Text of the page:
Despite the economic gloom, it will be Christmas as usual for most people this year, with a predicted spend of over £500 per adult – an expense that will leave many suffering a painful financial hangover well into the New Year.
According to price comparison website Moneysupermarket.com, more than half the population are already worrying about how they will cover the cost.
But the spending survey by HSBC reveals only one in five plan to have a cheaper Christmas than last time, with the same proportion planning to spend more than in 2011.
Scots typically expect to spend £343 on presents for family and friends, and £172 on festive food and drink.
Rod Ashley, chief executive of Scotwest Credit Union, said: "For many, the quick solution is to borrow additional money or put it on the credit card. However, with high interest rates, this only adds to the problem come January, when the bills arrive and the savings have gone."
The way to prevent this, Ashley believes, is to start putting cash away well before the festive season.
He said: "By saving a small amount regularly over the course of the year, you'll be more likely to avoid the need to turn to credit cards or quick-fix payday loans."
There are other ways to cut the financial pain. Ashley recommends drawing up a detailed plan for seasonal spending – and sticking to it come what may, including agreeing a reasonable gift budget with friends and family and sticking to it.
If you do need to borrow, shop around for the cheapest option and understand what it will cost you.
At this time of year, many financial providers promote cash back cards, which reward users for their spending by returning a percentage as a credit on their account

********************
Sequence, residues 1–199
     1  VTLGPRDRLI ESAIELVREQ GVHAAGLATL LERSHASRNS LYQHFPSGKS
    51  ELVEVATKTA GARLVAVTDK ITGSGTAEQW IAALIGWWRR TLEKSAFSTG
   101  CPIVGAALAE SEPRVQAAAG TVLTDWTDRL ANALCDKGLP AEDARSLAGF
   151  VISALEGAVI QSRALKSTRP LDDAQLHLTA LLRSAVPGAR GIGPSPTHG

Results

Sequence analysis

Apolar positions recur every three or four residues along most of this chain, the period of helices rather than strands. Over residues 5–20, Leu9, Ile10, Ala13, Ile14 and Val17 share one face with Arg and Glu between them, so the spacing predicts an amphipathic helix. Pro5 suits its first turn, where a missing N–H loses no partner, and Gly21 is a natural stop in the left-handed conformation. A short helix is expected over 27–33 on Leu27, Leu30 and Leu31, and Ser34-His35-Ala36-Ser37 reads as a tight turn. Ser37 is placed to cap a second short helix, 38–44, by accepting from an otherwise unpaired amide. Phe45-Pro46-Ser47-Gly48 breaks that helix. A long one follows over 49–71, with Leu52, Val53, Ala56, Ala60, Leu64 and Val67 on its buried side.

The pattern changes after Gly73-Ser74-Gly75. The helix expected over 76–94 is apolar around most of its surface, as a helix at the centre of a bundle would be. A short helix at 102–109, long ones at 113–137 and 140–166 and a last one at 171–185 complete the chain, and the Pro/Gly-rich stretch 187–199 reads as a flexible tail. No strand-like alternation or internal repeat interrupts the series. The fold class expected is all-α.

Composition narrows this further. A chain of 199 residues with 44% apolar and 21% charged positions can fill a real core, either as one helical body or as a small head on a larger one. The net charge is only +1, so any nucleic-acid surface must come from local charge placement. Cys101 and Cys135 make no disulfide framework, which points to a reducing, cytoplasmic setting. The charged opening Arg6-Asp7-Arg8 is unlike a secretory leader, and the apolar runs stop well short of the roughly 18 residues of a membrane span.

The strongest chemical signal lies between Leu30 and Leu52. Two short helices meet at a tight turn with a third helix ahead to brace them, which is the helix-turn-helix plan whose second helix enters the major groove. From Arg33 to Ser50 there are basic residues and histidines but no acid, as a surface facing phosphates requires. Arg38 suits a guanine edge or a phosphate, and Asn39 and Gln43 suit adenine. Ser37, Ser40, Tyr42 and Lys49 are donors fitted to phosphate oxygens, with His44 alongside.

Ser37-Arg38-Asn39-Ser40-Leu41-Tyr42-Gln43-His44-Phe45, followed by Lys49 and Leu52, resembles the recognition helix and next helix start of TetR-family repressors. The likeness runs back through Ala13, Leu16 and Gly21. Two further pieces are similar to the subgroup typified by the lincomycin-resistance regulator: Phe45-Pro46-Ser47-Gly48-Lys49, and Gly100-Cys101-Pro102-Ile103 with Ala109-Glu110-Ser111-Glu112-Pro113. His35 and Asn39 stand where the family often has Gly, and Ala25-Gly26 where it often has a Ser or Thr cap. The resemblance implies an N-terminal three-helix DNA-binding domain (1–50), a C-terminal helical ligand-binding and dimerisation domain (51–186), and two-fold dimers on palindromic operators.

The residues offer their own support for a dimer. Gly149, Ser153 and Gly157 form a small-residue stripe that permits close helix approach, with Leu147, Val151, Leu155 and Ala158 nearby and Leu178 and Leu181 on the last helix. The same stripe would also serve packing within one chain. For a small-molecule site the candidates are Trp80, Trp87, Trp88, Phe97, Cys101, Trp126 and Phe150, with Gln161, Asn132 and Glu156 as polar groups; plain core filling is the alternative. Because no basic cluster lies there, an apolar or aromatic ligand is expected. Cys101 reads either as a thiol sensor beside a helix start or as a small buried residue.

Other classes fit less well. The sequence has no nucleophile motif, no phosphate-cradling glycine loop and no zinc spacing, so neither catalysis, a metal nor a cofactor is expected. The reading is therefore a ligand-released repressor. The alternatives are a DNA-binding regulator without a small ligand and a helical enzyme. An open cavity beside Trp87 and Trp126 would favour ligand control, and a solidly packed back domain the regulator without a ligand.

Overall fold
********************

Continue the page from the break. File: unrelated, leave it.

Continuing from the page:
Michael Ossei of website uSwitch.com said: "The rewards have seldom been so generous – a £500-a-month spend on the most competitive cards is now likely to earn you upwards of £100 a year."
However, these cards are a good deal only if you can afford to clear your balance right away, otherwise interest costs soon wipe out the benefits. And you need to follow strict monthly spending rules to qualify for each cash back payment.
Store cards should also be handled with extreme care. Shop assistants, rewarded for signing you up, often promote them with the promise of big discounts on initial purchases.
But with interest rates of between 20% and 30% a year, these are also only worth having if you can afford to clear the debt right away, before you start paying for the privilege.
If you really need credit, a card that charges no interest at all on purchases for the first year or more offers a much better deal
Tesco Bank, M&S Bank, Halifax, Barclaycard, NatWest and Bank of Scotland all have such cards. You will pay between 15.9% and 18.9% on any debt once the introductory interest-free period is over.
If it will take longer than this to clear what you owe, ask yourself if it is really worth spending the money in the first place.
Fiona Fadhli has been saving for the festive season since the beginning of the year.
The 33-year-old from East Kilbride, who works in telecoms and is married to a trainee electrician, opened a Christmas Savings Account with credit union Scotwest. She said: "For the past few years I've been using Scotwest's Saver Account for things like holidays, paying a little in each month, so I wouldn't miss the money."
When she discovered her employer planned to delay the annual staff bonus until February next year, she decided to start putting cash away – £50 a month – for Christmas.
Fadhli, who has a two-year-old daughter, Amira, said: "Putting something away each month has been really easy to do and it has completely put my mind at rest. It's a relief to know the only stress I'll be facing this Christmas is the crowds at shopping time."